I was too small to climb the high fence, but just the right size to fit under it in one particular spot where dogs had obviously dug their way to freedom at some point. I was half under the fence when Rob noticed what I was up to and called to me to come back. I reiterated that I was getting the beer bottle for him, to which he replied that he could see the bottle had a broken neck and was thus useless to him. But by then, I was under the fence and picking up the bottle.

The next thing I remember was a buzzing, black cloud surrounding me, followed immediately by countless scorching stabs of pain. There had been a hive inside the bottle!

I dove under the fence, scrambling for what I was sure was my very life, but was stopped halfway under as the tail of my shirt became caught on the underside of the chain-link fence, creating a convenient gateway directly to my bare back, suitable to fit an entire hive of yellow-jackets!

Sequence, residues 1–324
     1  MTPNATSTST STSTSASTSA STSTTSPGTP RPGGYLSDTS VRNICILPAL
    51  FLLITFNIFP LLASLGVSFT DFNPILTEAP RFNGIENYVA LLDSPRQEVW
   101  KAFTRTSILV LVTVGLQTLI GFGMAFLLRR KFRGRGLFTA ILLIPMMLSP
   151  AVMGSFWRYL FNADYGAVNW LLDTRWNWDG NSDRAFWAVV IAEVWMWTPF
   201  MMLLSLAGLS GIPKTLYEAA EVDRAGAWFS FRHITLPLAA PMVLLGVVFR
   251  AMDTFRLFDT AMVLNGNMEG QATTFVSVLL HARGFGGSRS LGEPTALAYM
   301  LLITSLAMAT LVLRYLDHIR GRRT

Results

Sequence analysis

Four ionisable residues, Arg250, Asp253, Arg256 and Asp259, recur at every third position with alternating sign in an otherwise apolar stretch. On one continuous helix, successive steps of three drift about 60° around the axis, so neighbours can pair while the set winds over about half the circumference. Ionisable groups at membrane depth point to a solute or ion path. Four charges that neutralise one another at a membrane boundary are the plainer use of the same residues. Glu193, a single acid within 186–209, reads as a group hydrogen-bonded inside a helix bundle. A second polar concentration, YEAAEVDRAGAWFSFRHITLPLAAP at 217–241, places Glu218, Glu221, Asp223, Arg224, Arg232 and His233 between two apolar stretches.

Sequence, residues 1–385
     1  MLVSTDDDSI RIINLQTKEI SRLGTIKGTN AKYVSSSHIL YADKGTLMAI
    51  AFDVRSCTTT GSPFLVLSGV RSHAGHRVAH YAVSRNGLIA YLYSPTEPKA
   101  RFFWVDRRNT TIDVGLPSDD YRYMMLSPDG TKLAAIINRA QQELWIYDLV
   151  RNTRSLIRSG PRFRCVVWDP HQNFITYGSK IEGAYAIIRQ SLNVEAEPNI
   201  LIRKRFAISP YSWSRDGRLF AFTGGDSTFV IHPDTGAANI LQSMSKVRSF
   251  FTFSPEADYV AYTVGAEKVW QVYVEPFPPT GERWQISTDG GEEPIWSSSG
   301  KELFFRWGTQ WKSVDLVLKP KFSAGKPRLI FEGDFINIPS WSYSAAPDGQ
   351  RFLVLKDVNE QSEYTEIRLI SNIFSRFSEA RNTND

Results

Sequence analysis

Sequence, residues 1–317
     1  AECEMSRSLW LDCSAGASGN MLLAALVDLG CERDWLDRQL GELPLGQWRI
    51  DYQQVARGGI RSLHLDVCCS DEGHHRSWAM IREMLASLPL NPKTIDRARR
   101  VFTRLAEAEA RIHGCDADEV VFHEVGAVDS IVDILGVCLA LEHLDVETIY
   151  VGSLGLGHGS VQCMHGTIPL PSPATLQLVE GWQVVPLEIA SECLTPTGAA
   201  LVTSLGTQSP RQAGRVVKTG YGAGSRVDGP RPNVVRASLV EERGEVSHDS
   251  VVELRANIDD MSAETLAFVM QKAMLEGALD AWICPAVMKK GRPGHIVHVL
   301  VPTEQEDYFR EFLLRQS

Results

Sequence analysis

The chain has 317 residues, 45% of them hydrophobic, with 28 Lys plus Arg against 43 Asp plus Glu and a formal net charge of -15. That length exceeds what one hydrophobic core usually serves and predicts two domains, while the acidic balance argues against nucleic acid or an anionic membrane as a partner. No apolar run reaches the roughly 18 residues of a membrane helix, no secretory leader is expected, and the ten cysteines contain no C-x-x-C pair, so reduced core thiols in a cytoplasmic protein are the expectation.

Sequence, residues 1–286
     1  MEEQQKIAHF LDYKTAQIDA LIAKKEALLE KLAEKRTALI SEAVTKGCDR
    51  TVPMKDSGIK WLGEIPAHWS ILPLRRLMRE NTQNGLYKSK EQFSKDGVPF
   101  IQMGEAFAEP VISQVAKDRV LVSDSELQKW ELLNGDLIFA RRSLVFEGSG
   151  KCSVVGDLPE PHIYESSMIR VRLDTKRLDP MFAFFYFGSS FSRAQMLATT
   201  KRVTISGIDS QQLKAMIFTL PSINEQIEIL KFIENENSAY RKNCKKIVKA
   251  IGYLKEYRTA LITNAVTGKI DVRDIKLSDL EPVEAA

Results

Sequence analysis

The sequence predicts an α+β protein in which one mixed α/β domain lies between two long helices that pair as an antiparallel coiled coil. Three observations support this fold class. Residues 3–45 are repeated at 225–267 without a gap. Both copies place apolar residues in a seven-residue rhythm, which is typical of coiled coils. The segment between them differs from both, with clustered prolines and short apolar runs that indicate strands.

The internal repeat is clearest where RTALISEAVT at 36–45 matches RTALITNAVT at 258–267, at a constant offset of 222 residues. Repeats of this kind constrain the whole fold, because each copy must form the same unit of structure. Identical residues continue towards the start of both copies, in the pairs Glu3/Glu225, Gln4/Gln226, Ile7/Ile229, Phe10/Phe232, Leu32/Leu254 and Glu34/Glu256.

Needless to say, that put an end to my brother’s day of fishing. After ridding me of my stinging assailants, he took me home, told me to get in the bath tub and soak, and called my mom at work to find out what to do. She came home and took me to the doctor, who estimated I had been stung upwards of 100 times and told me that my back had suffered most of the attack. He also informed me that it was almost certain that I had acquired an allergy to bee venom. Being only nine, I opted out of the ouchy blood test, especially considering my doctor’s assertions that bee venom allergy tests were pretty much hit-and-miss anyway.

I'm happy to say that to this day, I have not been stung again. I plan to keep it that way, so last night I went out after the sun had set and, aiming for the location of the hole from which I’d seen several yellow-jackets emerge earlier that day, I emptied an entire can of RAID Wasp &Hornet Killer.

Now, for those who don’t know, yellow-jackets can make their nests in obvious places out in the open like under awnings and hanging from rafters, but they can also make them inside hollow logs or even in holes in the ground. Because of this, I had no way of knowing if the railroad tie was hollowed-out and harboring the nest or if it served merely as an entrance to an underground hive, thus my decision to just unload an entire can in their front door.